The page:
Mortgage Pre-Approval Calculator 2023
|Is your credit score greater than 620?||NoYes|
|Are you saving for a down payment?||NoYes|
|Have you been employed for the past 2 years as a full-time employee?||NoYes|
|Have you been bankrupt in the past 4 years or foreclosed in the last 7 years?||NoYes|
What You Should Know
- This Mortgage Pre-Approval Calculator helps you estimate your pre-approval amount based on your income and financial situation.
- Lenders look at income, debts, down payment, credit score, employment history, and bankruptcy history to determine whether you are eligible for pre-approval.
- Your pre-approval amount is determined by your combined debt-to-income ratio, which must not exceed 43% for conventional loans.
- Some government-backed loans may allow the combined debt-to-income ratio to reach 45%.
How to Calculate Mortgage Pre-Approval Amount
Lenders closely look at your Debt-to-Income Ratio when determining mortgage pre-approval amount. If your financial situation is good enough to get pre-approved for a mortgage, the DTI ratio will be the main factor that affects your pre-approval amount. The maximum allowed DTI for a conventional loan is 43%, which means that a lender cannot approve a loan requiring monthly payments to be over 43% of your gross income. Some government-backed loans may have a maximum DTI ratio limit of 45%.
DTI ratio is estimated with all current debt payments you currently have. For example, if you have a car loan and some credit card debt, you may not be able to get as large a mortgage pre-approval amount as if you did not have any debt. You can estimate your current DTI ratio below.
Estimate Your DTI Ratio for Mortgage Pre-Approval
Our mortgage pre-approval calculator can help you estimate your mortgage pre-approval amount. The results are based on your current income, required debt payments, the length of your loan, and the interest rate for your loan. The following list describes how this mortgage pre-approval calculator uses the inputs:
- Annual Gross Household Income
Lenders look at your income before taxes to estimate your DTI ratio and maximum loan amount. If you are getting a mortgage by yourself, you should input your individual income. If you are getting a mortgage with a co-signer, you should account for both incomes.
- Monthly Debt Expenses
Higher monthly debt payments increase your DTI and lower the mortgage pre-approval amount. If you are getting a mortgage by yourself, you should input your personal debt obligations. If you are getting a mortgage with a co-signer, you should account for all debt payments you and your cosigner are responsible for.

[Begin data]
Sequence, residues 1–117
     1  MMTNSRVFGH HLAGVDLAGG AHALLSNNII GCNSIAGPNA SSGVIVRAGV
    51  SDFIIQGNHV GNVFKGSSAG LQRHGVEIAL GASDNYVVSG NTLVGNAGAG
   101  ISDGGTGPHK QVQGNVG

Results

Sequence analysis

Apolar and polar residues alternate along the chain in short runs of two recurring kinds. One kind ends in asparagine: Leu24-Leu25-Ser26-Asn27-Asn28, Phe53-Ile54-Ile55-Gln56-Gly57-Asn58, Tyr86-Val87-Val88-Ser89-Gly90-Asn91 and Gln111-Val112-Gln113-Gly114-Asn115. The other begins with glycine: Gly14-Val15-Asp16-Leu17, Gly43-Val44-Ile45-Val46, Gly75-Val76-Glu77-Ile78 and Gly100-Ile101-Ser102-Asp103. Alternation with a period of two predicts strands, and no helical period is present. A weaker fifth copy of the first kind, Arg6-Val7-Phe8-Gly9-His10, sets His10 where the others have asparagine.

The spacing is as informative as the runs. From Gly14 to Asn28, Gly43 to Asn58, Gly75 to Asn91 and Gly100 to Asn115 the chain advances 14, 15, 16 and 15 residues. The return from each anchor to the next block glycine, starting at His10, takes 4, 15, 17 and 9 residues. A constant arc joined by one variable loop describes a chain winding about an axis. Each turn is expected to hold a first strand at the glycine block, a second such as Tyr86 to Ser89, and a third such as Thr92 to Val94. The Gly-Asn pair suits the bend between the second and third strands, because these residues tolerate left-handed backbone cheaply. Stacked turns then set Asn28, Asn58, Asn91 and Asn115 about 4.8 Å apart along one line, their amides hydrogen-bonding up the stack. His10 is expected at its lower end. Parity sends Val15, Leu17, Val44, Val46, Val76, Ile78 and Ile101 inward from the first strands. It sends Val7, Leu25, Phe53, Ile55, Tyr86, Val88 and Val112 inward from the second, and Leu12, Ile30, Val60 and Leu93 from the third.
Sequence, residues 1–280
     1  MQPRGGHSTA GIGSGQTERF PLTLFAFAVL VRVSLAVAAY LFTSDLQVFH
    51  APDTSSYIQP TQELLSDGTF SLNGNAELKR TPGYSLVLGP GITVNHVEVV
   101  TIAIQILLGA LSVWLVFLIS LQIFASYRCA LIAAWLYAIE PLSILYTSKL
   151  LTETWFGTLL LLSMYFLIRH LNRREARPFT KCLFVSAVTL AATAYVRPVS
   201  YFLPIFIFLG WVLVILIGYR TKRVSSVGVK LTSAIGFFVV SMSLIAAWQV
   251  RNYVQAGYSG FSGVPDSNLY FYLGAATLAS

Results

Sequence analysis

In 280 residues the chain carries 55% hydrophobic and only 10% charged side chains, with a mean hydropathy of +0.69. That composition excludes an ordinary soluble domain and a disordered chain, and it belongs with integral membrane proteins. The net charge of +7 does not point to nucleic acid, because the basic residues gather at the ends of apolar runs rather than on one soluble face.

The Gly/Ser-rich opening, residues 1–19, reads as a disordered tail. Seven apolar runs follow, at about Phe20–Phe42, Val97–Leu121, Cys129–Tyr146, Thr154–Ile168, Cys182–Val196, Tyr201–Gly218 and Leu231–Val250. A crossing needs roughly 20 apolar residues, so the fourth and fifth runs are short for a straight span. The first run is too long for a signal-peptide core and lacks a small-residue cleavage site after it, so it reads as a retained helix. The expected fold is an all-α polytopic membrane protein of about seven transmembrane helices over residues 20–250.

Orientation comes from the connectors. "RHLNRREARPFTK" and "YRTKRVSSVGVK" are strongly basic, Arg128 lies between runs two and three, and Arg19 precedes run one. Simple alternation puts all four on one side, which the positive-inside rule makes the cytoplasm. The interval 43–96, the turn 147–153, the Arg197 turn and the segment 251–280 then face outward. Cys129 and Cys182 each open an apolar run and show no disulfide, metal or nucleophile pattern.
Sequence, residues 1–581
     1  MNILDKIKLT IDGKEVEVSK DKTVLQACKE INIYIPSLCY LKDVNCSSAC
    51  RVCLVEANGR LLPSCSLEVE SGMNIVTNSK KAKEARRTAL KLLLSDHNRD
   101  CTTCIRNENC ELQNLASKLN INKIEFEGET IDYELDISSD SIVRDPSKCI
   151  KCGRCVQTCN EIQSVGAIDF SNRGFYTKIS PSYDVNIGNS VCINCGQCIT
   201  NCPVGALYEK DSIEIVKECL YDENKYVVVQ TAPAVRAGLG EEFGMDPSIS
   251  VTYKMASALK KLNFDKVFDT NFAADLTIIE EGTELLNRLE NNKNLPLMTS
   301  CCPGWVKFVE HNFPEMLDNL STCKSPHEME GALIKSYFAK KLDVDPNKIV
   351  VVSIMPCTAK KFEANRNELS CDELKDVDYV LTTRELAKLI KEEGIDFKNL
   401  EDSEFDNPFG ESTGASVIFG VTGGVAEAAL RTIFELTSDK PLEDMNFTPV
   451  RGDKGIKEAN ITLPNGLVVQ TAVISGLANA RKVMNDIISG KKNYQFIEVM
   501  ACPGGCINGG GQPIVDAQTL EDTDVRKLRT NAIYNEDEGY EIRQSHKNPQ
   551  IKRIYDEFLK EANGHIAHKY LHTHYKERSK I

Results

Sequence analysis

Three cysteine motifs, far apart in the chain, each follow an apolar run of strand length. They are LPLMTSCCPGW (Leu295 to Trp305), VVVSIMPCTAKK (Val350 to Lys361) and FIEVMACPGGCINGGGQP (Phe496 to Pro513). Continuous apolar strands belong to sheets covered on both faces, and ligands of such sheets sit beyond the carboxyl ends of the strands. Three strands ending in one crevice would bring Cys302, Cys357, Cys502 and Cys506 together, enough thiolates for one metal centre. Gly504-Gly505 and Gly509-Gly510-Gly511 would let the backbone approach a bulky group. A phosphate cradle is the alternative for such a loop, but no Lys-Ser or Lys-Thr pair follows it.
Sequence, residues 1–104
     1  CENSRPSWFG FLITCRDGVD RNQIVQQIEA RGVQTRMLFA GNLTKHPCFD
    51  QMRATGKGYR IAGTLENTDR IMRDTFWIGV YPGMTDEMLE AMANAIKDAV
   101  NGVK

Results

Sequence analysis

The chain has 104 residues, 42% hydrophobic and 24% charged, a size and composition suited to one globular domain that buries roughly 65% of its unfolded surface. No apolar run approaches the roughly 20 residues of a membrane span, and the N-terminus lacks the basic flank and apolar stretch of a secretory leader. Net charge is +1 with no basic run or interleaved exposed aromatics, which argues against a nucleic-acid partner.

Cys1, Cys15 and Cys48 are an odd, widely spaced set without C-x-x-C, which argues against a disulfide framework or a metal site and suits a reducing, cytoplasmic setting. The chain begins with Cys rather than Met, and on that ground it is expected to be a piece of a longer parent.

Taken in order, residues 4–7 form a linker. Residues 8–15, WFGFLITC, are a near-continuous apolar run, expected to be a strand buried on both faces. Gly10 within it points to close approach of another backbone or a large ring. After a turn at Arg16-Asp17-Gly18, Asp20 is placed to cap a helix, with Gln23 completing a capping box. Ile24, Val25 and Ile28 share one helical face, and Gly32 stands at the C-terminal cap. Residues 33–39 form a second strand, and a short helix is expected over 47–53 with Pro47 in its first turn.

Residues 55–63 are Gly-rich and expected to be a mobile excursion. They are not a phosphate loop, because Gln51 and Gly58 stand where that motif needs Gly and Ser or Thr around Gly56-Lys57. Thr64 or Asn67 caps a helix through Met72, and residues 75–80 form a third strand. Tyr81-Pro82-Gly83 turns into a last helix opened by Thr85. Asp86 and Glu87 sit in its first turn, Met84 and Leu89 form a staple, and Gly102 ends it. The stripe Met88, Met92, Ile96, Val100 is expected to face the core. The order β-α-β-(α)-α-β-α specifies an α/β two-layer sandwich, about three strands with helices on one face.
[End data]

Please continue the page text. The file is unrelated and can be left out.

- Length of Loan
The longer the loan, the lower your monthly mortgage payments, which allows you to be pre-approved for a larger mortgage amount. Typically, mortgages have a loan term of 15 or 30 years. You can be pre-approved for a larger mortgage principal if you choose a longer loan term.
- Interest Rate
This input refers to the annualized interest rate (APR) that needs to be paid over the lifetime of the loan. The higher the interest rate, the higher your monthly mortgage payments. High interest rates will lower your mortgage pre-approval amount because interest rates affect your mortgage payments and DTI ratio.
What Income Do I Need for a Mortgage?
This section provides you with the tables of sets of annual gross incomes needed to get pre-approved for a specific mortgage amount at a certain interest rate and loan term. The following metrics are only estimations, and they do not guarantee that a lender will pre-approve you for a certain amount. The tables assume that you do not have any other debt payments and that your DTI ratio will be equal to 43% after the origination of the loan.
Annual Gross Income Needed for
Annual Gross Income Needed for
|Term Length||Interest Rate|
How Much Can I Get Pre-Approved For?
The amount a lender can pre-approve you for depends on multiple factors such as your income, your current DTI ratio, loan term, and interest rate. In addition to that, a lender will consider your pre-approval only in the case if:
- Your credit score is above 620,
- You have money for the down payment,
- You have proof of stable employment history,
- You have not declared bankruptcy or foreclosed on your home within the last 4 and 7 years respectively.
Another condition that should be satisfied is that your monthly debt payments should not exceed 43% of your monthly gross income. If all the mentioned requirements are met, the lender can do the following calculations to determine how much they can pre-approve you.
First, they need to calculate how much you can add to your monthly debt payments to keep your DTI ratio under 43%. Your DTI equals monthly debt payments divided by monthly gross income. Using this simple formula, the lender can calculate your maximum monthly debt payments as follows:
When the lender knows the maximum monthly debt payments you can make while keeping your DTI at 43%, the lender needs to subtract your current monthly debt payments to find your monthly mortgage payments.
The monthly mortgage payments found are the maximum fixed monthly payments on a loan a lender can pre-approve you for. Based on this number, the lender can calculate the loan value they can provide using the following formula.
Using the steps outlined above, you can calculate how much you may be pre-approved for. If you are looking to estimate how much you need to earn to be pre-approved for a specific mortgage amount, the following section discusses how much you need to earn to be pre-approved for various mortgage loans.
How to Increase Mortgage Pre-Approval Amount
To increase your pre-approval amount, you have to lower your DTI ratio. If you are eligible to get a home loan, but your mortgage amount is not large enough, you can either increase your income or decrease your debt. Even though both options take time, there are ways to increase your pre-approval amount faster.